Time travel: We're heading to the 10th century to explore medieval jewelry

 Medieval gold quatrefoil “remember that you love me” posy pendant. 15th century.

Medieval gold quatrefoil “remember that you love me” posy pendant. 15th century.

Well, we'll explore more than the 10th century! The medieval age spans the 5th to the 15th centuries -- beginning with the fall of the Western Roman Empire and merging into the Renaissance and the Age of Discovery. Also known as the Middle Ages, this era normally encompasses Europe and the Byzantine Empire.

What the Middle Agers wore

You and I would recognize many medieval items of jewelry such as rings, necklaces, bracelets, and brooches. But there were numerous other items cunningly crafted from precious materials that are either unknown today or wouldn't be considered part of our own jewelry collections:

* all kinds of fittings and fasteners for clothes (including, buckles)
* points for the end of laces
* buttons (which came into use by the end of the period)
* hat badges
* decorations for belts, weapons, and purses
* decorated pins (mostly for holding hairstyles and head-dresses in place)

House rings were a beautiful Jewish tradition in medieval times. Originating in Europe and dating back to the 14th century, which was about 400 years after rings began to be used in Jewish wedding ceremonies, the house ring is an opulent object, adorned with a miniature model of a house or temple instead of a gemstone. The house is thought to have symbolized a couple’s new home together. Because of their ornateness, these rings were probably not used for every day!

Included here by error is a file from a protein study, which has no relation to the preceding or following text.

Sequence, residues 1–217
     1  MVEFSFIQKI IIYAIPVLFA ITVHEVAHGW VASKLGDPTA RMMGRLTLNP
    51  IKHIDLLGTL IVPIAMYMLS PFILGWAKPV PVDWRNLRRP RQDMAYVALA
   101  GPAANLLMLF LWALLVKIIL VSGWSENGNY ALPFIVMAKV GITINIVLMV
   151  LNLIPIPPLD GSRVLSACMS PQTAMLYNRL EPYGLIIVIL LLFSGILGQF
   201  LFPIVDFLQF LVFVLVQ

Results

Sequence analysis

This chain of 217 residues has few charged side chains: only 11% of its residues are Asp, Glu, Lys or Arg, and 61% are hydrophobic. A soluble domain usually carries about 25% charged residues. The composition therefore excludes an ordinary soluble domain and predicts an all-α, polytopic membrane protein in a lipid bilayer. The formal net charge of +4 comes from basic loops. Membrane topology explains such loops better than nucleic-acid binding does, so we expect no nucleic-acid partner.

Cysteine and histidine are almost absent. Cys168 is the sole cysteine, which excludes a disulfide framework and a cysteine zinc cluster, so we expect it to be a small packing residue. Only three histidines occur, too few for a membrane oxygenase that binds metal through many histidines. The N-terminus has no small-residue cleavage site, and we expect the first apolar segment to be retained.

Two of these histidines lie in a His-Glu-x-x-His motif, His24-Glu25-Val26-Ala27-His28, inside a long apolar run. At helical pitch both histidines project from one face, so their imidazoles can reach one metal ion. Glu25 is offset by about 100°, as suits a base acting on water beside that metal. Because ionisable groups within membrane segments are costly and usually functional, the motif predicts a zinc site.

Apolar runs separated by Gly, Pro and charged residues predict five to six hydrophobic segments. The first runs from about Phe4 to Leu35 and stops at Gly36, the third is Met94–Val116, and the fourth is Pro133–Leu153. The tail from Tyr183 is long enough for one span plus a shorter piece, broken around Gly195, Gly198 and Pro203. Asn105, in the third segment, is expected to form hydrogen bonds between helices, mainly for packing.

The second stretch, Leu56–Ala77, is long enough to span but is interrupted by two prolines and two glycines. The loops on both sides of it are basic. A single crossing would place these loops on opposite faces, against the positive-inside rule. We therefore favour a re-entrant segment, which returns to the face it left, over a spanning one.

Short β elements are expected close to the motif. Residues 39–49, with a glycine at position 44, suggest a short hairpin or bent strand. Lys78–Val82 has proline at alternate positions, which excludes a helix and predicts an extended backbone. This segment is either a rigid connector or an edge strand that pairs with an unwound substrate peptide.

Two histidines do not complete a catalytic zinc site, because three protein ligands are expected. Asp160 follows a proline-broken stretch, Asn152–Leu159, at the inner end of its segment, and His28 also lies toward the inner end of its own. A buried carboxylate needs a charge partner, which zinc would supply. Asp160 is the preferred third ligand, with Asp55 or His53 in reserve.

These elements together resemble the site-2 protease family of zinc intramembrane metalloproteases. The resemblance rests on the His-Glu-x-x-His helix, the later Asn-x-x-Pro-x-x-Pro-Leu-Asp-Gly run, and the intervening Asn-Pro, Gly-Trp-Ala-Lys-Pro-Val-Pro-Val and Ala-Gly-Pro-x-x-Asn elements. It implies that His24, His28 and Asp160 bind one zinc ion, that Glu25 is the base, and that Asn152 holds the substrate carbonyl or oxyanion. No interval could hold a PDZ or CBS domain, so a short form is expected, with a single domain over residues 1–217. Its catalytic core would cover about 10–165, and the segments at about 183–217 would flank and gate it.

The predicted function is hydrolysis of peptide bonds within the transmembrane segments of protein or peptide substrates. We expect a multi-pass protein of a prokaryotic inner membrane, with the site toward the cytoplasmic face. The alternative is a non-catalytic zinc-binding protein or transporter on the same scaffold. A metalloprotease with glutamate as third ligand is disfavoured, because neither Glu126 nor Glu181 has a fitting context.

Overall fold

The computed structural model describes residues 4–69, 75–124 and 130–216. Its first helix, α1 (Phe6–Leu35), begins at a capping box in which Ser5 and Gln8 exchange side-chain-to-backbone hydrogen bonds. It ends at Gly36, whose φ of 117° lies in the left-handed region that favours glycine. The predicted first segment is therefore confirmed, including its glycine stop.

The jewelry worn during this period was a reflection of a society that was defined by hierarchy. While the nobility wore gold, silver, and precious gems, the lower ranks of society tended to wear base metals, such as copper or pewter.

Even in the Middle Ages, many gemstones were imported from outside Europe: emeralds, sapphires, rubies, and so on. Artisans did, however, use native stones in jewelry as well. Amber, jet, freshwater pearls, and coral were incorporated into various pieces and these stones could be found within Europe. 

Until the late 14th century, gemstones were usually polished rather than cut. Size and lustrous color determined their value. Enamels, which are ground glasses fired at high temperature onto a metal's surface, allowed goldsmiths to color their designs on jewelry. They used a range of techniques to create effects that are still widely employed today.

Lapidaries and powerful gemstones


These days a lapidary is a term we use for a professional who cuts, polishes, or engraves gemstones. But in medieval times, a lapidary referred to a text, often a whole book, giving "information about the properties and virtues of precious and semi-precious stones." Belief in the powers of gemstones to achieve effects such as protecting the wearer against diseases or other kinds of harm was strong in the Middle Ages.

Medieval lapidaries recommended sapphires and emeralds for detecting adulterous spouses. Indeed, the sapphire would lose its splendor when worn by an adulteress and an emerald would break if it touched the skin of an adulterer. Garnets were thought to cure depression, protect against bad dreams, and relieve diseases of the liver, as well as hemorrhages.

Physicians and apothecaries of the time also held theories on metals. Gold was considered a wonderful wearable prescription to strengthen the heart and vital spirits. It prevented melancholy, fainting, swooning, fevers, and falling sickness. Some even thought it was an effective preventative against leprosy.

Because gemstones were thought to have medical -- and magical -- benefits in medieval times, many pieces of jewelry were made with open-backed settings to allowing direct contact between the skin and stone.